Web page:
So, I thought, a good proxy to examine for whether these vegans are producing enough cholesterol for health would be testosterone levels. Surely you couldn't have inadequate cholesterol circulating but still have acceptable sex hormones, right? Typically, in a time of scarcity, testosterone is the first thing to plummet. A study here: http://www.ncbi.nlm.nih.gov/pmc/articles/PMC2374537/ shows their free testosterone to be roughly the same as meat eaters. Indeed, my personal experience was that I had no problems with libido whatsoever (set a few PRs, truth be told) - but I digress.

Given all of this, what if, in order to reduce energy density in a fat loss protocol, one were to rely on lean meats and reduced saturated fat as much as possible while also focusing on dense sources of cholesterol that don't also contain a lot of fat, such as crustaceans of various types. Between endogenous production and dietary cholesterol, one would expect a serum cholesterol level well in excess of that achieved by a vegan, which I think ought to be sufficient for all involved biological processes.

I suppose a counter-argument would be that our bodies have evolved to "expect" that aforementioned hepatic LDL receptor downregulation, but it might simply be that the body requires extra cholesterol in that specific case order to cope with some aspect of a surge in saturated fat intake, otherwise I don't see why its clearance would be downregulated under that circumstance.

I feel like I'm missing something here, though, so let me know where I've strayed.

Edit: I just thought of the fact that lauric acid increases HDL significantly, but if you're eating macadamia nuts, you get a fair amount of it without getting much in the way of other saturates.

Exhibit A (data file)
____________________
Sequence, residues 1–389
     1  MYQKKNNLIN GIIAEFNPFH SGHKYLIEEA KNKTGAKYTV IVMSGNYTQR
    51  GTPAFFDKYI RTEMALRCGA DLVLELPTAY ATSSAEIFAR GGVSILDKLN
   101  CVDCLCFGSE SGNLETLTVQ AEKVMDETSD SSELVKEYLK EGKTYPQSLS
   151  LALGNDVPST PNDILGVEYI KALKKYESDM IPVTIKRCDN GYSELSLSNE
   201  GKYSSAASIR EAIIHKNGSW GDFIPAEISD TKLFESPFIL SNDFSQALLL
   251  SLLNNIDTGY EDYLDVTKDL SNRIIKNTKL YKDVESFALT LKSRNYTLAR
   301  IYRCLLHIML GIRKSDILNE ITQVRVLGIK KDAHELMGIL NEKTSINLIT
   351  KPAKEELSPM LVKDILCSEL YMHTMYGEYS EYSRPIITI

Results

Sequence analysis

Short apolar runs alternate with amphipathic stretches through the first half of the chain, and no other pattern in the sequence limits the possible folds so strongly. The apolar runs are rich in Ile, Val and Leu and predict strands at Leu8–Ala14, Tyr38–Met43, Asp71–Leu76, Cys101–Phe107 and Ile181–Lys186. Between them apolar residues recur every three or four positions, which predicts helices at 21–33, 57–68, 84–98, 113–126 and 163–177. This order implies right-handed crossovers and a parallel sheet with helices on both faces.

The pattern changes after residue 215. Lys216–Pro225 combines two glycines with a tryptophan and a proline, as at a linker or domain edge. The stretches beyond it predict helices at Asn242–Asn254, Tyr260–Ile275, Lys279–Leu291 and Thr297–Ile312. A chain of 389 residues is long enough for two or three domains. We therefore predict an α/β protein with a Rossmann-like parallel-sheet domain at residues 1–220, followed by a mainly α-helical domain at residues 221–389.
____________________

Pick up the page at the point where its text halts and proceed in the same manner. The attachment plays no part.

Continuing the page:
Cab7e4ef73c5d7d7a77e1c3d7f5773a1

(7314)

on August 11, 2011
at 07:12 PM

@Dean- is that cholesterol necessarily coming from blood cholesterol though?

2870a69b9c0c0a19a919e54cb3a62137

(1520)

on August 11, 2011
at 07:00 PM

Does saturated fat indirectly increase myelination? "High cholesterol level is essential for myelin membrane growth." http://www.ncbi.nlm.nih.gov/pubmed/15793579

2870a69b9c0c0a19a919e54cb3a62137

(1520)

on August 11, 2011
at 06:28 PM

A diet promoting myelination would be a revelation. But I think the amounts of saturated fat incorporated on a day to day basis are miniscule.

Af1d286f0fd5c3949f59b4edf4d892f5

(18452)

on August 11, 2011
at 06:24 PM

Travis - Regarding your "Edit"... that's great, because my macadamia nut tree in my backyard is BURSTING with mature nuts. They are starting to drop like rain every day now. Mmmmmm.

64433a05384cd9717c1aa6bf7e98b661

(15236)

on August 11, 2011
at 04:00 PM

what do you guys know or think about Agatsten scores? A measure of arterial plaque. Here is an interesting blog post about butter reducing this guys... http://blog.sethroberts.net/2011/08/04/how-rare-my-heart-scan-improvement/